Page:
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http://dx.doi.org/10.1016/j.ejpb.2022.05.010DOI Listing
July 2022

Mefenamic acid solid dispersions: Impact of formulation composition on processing parameters, product properties and performance.

Int J Pharm 2022 Mar 24;616:121505. Epub 2022 Jan 24.

EPSRC Future Manufacturing Research Hub in Continuous Manufacturing and Advanced Crystallisation, University of Strathclyde, Technology and Innovation Centre, 99 George Street, Glasgow G1 1RD, UK; Strathclyde Institute for Pharmacy and Biomedical Sciences, University of Strathclyde, 161 Cathedral Street, Glasgow G4 0RE, UK.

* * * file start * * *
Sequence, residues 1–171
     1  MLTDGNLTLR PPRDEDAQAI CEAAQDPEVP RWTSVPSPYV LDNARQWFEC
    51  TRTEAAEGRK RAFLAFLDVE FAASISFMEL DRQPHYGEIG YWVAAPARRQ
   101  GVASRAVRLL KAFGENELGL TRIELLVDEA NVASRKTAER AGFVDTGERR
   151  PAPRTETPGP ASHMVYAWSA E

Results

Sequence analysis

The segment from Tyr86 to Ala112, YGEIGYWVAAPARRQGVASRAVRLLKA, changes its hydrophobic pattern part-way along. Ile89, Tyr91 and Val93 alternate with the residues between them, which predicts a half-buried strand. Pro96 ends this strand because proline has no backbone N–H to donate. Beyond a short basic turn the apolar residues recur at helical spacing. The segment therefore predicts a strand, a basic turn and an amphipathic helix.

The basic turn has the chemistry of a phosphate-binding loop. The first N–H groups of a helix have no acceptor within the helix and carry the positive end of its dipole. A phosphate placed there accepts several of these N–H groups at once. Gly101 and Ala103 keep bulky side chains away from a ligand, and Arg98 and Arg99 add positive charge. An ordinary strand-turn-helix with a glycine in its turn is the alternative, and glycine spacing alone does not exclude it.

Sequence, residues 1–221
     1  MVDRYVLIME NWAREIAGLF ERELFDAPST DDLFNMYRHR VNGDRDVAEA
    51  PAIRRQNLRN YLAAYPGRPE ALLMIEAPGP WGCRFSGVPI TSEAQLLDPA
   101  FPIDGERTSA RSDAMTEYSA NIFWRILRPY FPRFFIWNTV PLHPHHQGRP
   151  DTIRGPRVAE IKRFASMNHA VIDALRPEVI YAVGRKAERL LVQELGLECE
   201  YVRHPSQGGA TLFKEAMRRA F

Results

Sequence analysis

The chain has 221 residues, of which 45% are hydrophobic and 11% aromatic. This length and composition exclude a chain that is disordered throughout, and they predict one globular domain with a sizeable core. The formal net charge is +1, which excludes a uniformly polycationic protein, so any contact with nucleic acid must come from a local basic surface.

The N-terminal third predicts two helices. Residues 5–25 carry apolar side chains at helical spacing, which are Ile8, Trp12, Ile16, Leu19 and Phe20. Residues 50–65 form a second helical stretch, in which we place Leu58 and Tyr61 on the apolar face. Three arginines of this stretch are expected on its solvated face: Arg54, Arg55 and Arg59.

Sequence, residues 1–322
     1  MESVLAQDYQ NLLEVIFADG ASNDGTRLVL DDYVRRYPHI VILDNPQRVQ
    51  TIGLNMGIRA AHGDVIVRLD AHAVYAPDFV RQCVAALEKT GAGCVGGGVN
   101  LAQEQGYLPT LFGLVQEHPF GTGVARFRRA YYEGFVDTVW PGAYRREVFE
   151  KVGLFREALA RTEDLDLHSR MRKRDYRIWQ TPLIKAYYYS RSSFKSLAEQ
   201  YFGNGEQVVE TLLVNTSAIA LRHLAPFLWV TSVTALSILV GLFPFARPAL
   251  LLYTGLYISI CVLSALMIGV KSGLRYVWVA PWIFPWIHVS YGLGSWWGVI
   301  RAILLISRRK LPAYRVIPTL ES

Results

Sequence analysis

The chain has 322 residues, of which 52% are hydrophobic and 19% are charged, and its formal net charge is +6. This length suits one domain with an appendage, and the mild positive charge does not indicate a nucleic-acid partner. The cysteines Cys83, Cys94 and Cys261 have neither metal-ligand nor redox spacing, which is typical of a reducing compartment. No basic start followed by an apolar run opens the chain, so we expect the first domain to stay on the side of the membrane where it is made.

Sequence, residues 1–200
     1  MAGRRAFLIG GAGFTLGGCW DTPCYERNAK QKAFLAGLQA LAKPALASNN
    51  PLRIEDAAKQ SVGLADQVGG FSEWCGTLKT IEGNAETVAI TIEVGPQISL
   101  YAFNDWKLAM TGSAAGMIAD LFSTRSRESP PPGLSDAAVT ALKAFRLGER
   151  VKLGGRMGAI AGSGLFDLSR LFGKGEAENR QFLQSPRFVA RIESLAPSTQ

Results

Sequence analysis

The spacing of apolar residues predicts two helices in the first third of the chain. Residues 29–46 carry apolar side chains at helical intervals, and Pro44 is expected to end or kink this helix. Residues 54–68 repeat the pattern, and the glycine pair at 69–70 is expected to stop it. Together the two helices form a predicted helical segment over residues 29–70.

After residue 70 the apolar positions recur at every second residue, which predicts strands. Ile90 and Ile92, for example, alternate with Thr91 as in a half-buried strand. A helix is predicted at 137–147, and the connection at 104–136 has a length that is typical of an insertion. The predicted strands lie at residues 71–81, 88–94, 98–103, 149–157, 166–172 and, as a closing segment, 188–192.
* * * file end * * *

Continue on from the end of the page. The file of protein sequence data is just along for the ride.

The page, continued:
The objective of this study was to develop an immediate release (IR), crystalline solid dispersion (CSD) formulation of Mefenamic acid (MFA) by hot-melt-extrusion (HME) and assess the impact of drug loading on process parameters, product physico-chemical properties and product performance. An HME process to produce a range of MFA-Soluplus®-Sorbitol polymer matrix CSD formulations was developed based on rheological screening assays of physical mixtures (PM). The impact of drug loading on process parameters was compared to the impact of drug loading on the physico-chemical properties of formulations. Based on process and product data, three groupings of API drug loading were identified: sub-saturated, saturated, and supersaturated systems. CSD formulations were obtained for 20-50% (w/w) drug loading containing the stable polymorphic form I of MFA. CSD formulations predominantly improved the consistency of the product performance. An Amorphous Solid Dispersion (ASD) was obtained for 10% (w/w) drug loading, exhibiting faster drug release even at physiologically relevant pH. This study illustrates the impact of drug loading on process and product characteristics and how a better understanding of maximum API solubility in a given polymer system can improve targeted formulation development.